Film Theory: Ariel is RELATED to Hercules?! (Disney’s Connected Universe)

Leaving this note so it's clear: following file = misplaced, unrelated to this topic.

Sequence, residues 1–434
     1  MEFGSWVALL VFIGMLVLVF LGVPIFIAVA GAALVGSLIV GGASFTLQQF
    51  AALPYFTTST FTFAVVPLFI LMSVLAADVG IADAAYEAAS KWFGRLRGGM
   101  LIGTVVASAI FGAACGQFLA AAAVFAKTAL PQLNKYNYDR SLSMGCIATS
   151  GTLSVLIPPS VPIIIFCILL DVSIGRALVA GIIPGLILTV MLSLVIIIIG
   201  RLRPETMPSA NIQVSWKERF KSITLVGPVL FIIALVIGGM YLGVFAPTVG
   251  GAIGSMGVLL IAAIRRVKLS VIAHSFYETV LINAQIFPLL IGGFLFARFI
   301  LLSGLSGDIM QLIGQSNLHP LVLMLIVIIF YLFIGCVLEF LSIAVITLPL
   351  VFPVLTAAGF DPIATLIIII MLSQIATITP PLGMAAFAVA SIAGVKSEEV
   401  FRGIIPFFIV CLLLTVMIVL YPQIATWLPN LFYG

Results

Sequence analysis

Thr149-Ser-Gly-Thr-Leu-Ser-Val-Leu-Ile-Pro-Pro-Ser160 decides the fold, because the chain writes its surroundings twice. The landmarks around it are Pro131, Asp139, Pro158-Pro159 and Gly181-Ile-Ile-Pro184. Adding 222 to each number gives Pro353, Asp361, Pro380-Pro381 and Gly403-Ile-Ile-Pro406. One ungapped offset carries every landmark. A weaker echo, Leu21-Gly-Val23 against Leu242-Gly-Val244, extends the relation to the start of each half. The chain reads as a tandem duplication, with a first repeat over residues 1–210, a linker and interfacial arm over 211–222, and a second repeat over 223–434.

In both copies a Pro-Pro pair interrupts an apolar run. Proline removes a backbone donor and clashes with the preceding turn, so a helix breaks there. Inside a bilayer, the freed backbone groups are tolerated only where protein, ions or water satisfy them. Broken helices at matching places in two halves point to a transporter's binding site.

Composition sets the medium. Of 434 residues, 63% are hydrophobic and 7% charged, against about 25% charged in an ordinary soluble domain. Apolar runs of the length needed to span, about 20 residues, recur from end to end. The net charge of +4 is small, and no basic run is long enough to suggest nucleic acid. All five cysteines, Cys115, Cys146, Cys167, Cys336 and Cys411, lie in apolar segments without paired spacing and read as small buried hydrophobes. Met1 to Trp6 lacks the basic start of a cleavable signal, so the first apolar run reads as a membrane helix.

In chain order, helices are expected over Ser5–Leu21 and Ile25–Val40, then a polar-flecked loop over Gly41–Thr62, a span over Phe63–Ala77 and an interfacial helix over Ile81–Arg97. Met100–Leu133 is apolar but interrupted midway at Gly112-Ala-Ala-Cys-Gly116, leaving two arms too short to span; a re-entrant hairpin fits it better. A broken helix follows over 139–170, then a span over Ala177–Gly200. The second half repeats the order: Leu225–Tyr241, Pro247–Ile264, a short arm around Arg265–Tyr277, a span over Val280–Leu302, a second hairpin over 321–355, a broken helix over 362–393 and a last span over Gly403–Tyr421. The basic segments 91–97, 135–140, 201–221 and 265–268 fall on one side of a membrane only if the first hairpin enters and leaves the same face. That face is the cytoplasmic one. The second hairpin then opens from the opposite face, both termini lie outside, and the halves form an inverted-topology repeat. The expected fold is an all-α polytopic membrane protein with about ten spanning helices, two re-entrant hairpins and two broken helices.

theme music plays Hello Internet, welcome to Film Theory. The show where I go to Hades and back to unearth the hidden truth behind movies made for children. Speaking of Hades, today we turn to an often overlooked but in my opinion tragically under appreciated Disney classic: Now granted, when it first came out in the late 90s, I didn’t go to see it because I was at an age where I was like, “Psh I’m too old for Disney movies. All the cool kids are into Digimon!” Actually that’s a complete lie… I never thought I was cool… *sad piano music* Anyway! Finally getting around to watching this for the first time, I was really excited about the cool powers and the Titans and Meg’s killer “princess song”. I gotta admit though, I was a bit disappointed not to see Sora and Sephiroth running around. Anyway, something in the back of my head kept niggling away “Niggle, Niggle” it went. Something just felt off… “Niggle, Niggle” it continued, but then it hit me: the moment I saw that fun and oh so obvious Scar Easter egg: Hercules’ is dad is Zeus, right? Zeus! Gad! Zeus! And that one single and obvious fact has HUGE ramifications for literally every Disney movie you know and love. Because if you thought Pixar had a connected universe? Well then get ready because Disney has been doing it for decades. And it all starts with good ol’ Herc. Because the man who put the ‘glad’ in ‘gladiator’, is a literal blood relative to perhaps the most popular Disney princess of all time… I’m talking ‘Fish Girl’, Ariel. They are cousins. And that is just the tip of the iceberg, my dear theorists. Tighten up those togas because you will never look at the wonderful world of Disney the same way again. First: to show you how some of Hercules’ is immortal blood is also running through Ariel’s gills, we have to go a few branches up his family tree. According to the movie, Hercules is the son of Zeus and Hera, and if we’re going by classical mythology standards that’s only partly right. First off, Hercules is his Roman name. If we’re going off of Greek mythology, Like literally everyone else in the movie, his name technically should be Heracles. But that name just doesn’t roll off the tongue quite as nicely. So for simplicity’s sake I’m just gonna call our hero by his Roman name Hercules, and the rest of the Gods by their Greek names like they do in the movie. and the rest of the Gods by their Greek names like they do in the movie. (My apologies to any classics majors with sensitive ears) (Just trying to spread the good word.) The other problem is that Hera is definitely not Hercules’ loving mother as shown in the movie. You see, Zeus was up on Olympus when he saw and fell in love with a mortal woman named Alcmene. So, he did what any rational person would do in such a situation… and disguised himself as Alcmene’s husband who was away at war, went to Alcmene’s house shouting “Honey! I’m home!” and quickly made himself a little demigod… This got a bit awkward when the real husband came home *literally* the next night, and his wife was like: “Whaaat? You weren’t… here last night?” So… yeah. Hera wasn’t a big fan of the half son whose existence was a constant reminder of her husband’s infidelity. You know those two snakes we see baby Hercules strangle in the movie, and it’s all totally cute? Well, according to legend, those weren’t minions of Hades, they were sent by Hera herself to murder baby Hercules in his crib. (Awkward…) I get that Disney doesn’t want to tell you that story… for several reasons. But is it really better for Zeus to father Hercules with Hera? Who, according to mythology, is technically his sister… *puking noise* You’d think I’d seen enough Game of Thrones at this point not to throw up in my mouth a little when I think about that, but NOPE. Hercules in the movie is on par with ‘Prince Prick’ himself. At any rate, the important bit here is Hercules’ father. Which is Zeus both in the movie and in the myths. Zeus is the son of the Titans Cronos and Rhea the same Titans which the muses tell us that he overthrew at the beginning of the movie. Cronos and Rhea had three sons, who ended up ruling the three major realms of the world: Zeus, who ruled over the heavens, Hades, ruler of the Underworld, and Poseidon, ruler of the sea. In Hercules, we get a lot of the first two, but not so much about Poseidon. But rest assured, he’s definitely there if you look closely. According to myth, Poseidon isn’t quite as active on tinder as his brother Zeus. But he has a number of notable children himself. Like Theseus, the hero who kills the Minotaur, and Triton, the Merman who serves as Trumpeter of The Sea. And some of you may be ahead of me at this point, But if you haven’t seen The Little Mermaid in a few years, let me connect the dots for ya: Ariel’s father, the guy who looks like mermaid Santa Claus, is named King Triton. Therefore, Ariel’s grandfather is Poseidon, and her great grandfather is Cronus – the Titan who is grandfather of Hercules himself. Put it all together, map out that family tree, and we have Hercules and Ariel as cousins. Now prepare yourselves for the twist. The twist is that there is no twist The twist is: that there IS NO TWIST. *dramatic drums* It’s cut dry. This isn’t a film theory, this is a film FACT. A mythological fact. Some might argue that we have no idea that this Triton is the same Triton who is nephew of Zeus, but his depiction in Little Mermaid matches pretty well the image we get of him in classical mythology: A bearded half-man half-fish who lives in a golden palace under the sea. No word on whether that golden palace has the same… Um… *clears throat* tower as we got on the original VHS cover of The Little Mermaid, but having seen my fair share of Greek arts I wouldn’t put it past them… Now this is the point in the episode where you’re probably tempted to subscribe. So you should totally do that. STAB that subscribe button down below with your giant POSEIDON FORK, and leave a comment letting me know what your favorite Disney movie is in the next five seconds. I’m not gonna do the five-four-three-two-one thing, but you know, time it out yourself. We’ll go on the honor system here. This is also the point in the episode where a lot of you are probably like: “Yeah you stupid dinglehopper who cares? It’s not like this random little Easter Egg means anything for Disney as a whole.” and you know what for as much as it hurts me to be called a fork, I respect your desire for the deeper meaning of things. And in this case, the deeper meaning is that once you start connecting Hercules and Little Mermaid, lots of other dominoes start to fall. We’ve already covered some surprising Disney connections before, like how Elsa from Frozen and Rapunzel from Tangled would technically genetically be twin sisters (click right over here if you missed out on that one) But even if you don’t believe that theory, at the very least, we see Rapunzel in the final scenes of Frozen meaning that those two worlds are connected both in time and place. And what we’ve covered in today’s episode means that we can now link those two to Hercules as well. In that past episode we mapped out how the king and queen from Frozen, Agnarr and Iduna, were killed when their ship capsized on their trip from western Norway to Germany. We don’t get the clearest look at the ship that’s carrying Agnarr and Iduna, but from the shape alone, it looks like it could be the same sunken ship Ariel is looting at the beginning of Little Mermaid. And geographically it makes a lot of sense. Assuming Agnarr and Iduna were taking a direct route from Arendelle in western Norway to the northern coast of Germany, their ship likely sank somewhere off the west coast of Denmark. Can you name where the fairy tale The Little Mermaid is based on comes from? Survey says… *ding ding* Denmark! Number one answer! and literally the only answer because it’s a just a fact It’s just a… one answer fact. The Little Mermaid is originally from the works of Hans Christian Andersen, a 19th century Danish author of children’s books and fairy tales. Now, that doesn’t outright prove that Disney’s Little Mermaid is set in Denmark, but we do have other clues… remember Prince Eric’s crusty caretaker Grimsby? Well, Grimsby is a Danish name coming from the name that the Nordic god Odin would take when he disguised himself as a human to hit on women. Side note! What is with the gods dressing up his people to mack on human beings? You know what the best pick-up line in the world is? “I’m a god. I literally control some giant element of nature.” You know what if she’s not impressed with that, Hey, she wasn’t worth your time buddy. You were too good for her to begin with. Now astute bridge viewers might argue that Grimsby is also the name of a town in northeastern England, which is definitely true, but it’s also true that this town was established in the 9th century A.D. by… Danish. Vikings. So with all these clues in place, we could be like 99% confident that Hercules connects with Little Mermaid, Tangled, and Frozen. And if you think this is as far as the connections go, You ain’t seen nothing yet. The Little Mermaid also features a couple of important characters we’ve seen in one of Disney’s all time classics. Late in the movie, Prince Eric is about to marry Ursula in her human disguise, when Scuttle and the other sea creatures crash the wedding. In the chaos that ensues, we see Eric’s dog, Max, run across the screen. And for a split second behind him, we can catch a glimpse of two wedding guests who should look pretty familiar: The King and the Grand Duke from Cinderella. But now we’re just connecting these movies in one long chain by saying that Hercules is related to The Little Mermaid and that The Little Mermaid is related to the rest. Surely there’s nothing to suggest that a movie like Cinderella can be connected back to Hercules, a movie about Ancient Greece that was released almost 50 years later, right? We-e-e-elll, Check this out: In an early scene of Cinderella, The King is complaining to the Grand Duke about how his son won’t settle down and give him grandchildren. For a brief moment, we see that the king has three books on his desk: One by the French Renaissance author, Francois Rabelais, which makes sense given that the original version of Cinderella was by a French author, another by the Greek philosopher, Plato, And the last by the Greek poet, Homer. In the modern world, only two epic poems are attributed to Homer: The Iliad, about the Trojan War, and the Odyssey, about Odysseus’ journey home from the Trojan War. And guess who shows up in both of those poems And guess who shows up in both of those poems: Hercules. Well, actually it’s Heracles because Homer was Greek, but we’ve been over that already. Hercules’ ghost meets Odysseus when the latter travels to the Underworld in Book Eleven of the Odyssey, and although Hercules doesn’t actively do anything in the Iliad he’s mentioned by name several times regardless of which book in particular this is, the connections we talked about today prove that Cinderella is set in a world in which the stories of Greek mythology actually exist. And based on the connections we talked about today, we know that those stories aren’t just stories… They’re not just myths! They really happened in the past, and if we can connect stories seemingly as unrelated as Hercules and Cinderella, I’d say it’s likely that we’re just scratching the surface here. Could Elsa’s ice powers have come from an Ancient Greek ancestor? Could Rapunzel’s healing hair have any relation to Hercules? Is the existence of magic in the wonderful world of Disney somehow tied to all of these mythological allusions? Everyone has known for a long time the careful attention to detail Disney puts into its animations. But if we can put Hercules, The Little Mermaid, Tangled, Frozen, AND Cinderella all into the same universe, can we really say that any other Disney movies are outliers? There is no telling how deep this rabbit hole goes. And you can bet that this is a topic we’re gonna continue to explore in upcoming episodes. So again, if you enjoyed this episode make sure you spear that subscribe button. Now if you’ll excuse me, I have a few more questions to get answered. Like if Triton is Ariel’s father… What happened to her mother? I think I may have spotted her in Never Neverland. But hey, that’s just a theory, a film theory! Aaaaaaand cut! Hey if you enjoyed this theory amidst the Tangled-Frozen episode I mentioned earlier, make sure you click on that one. Find out how Anna and Elsa aren’t technically sisters. Or if you’re looking for some more classic Disney action, click the box to the right which will tell you the truth behind Snow White’s sleeping death. It will literally blow your mind. Now if you’ll excuse me, it’s really hot in my recording closet because it is just sweltering in California. So I need a drink of water before I pass out.